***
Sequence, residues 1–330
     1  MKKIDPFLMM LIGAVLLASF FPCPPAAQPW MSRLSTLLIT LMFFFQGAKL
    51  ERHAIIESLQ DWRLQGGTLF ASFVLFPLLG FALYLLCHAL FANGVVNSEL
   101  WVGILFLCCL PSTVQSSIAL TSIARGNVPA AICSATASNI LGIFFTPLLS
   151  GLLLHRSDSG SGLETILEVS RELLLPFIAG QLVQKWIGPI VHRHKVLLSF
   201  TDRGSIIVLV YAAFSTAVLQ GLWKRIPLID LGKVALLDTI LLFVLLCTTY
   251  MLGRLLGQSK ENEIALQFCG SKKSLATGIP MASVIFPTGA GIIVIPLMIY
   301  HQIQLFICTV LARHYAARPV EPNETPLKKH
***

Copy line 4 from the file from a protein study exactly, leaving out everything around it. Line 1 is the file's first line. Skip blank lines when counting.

   101  WVGILFLCCL PSTVQSSIAL TSIARGNVPA AICSATASNI LGIFFTPLLS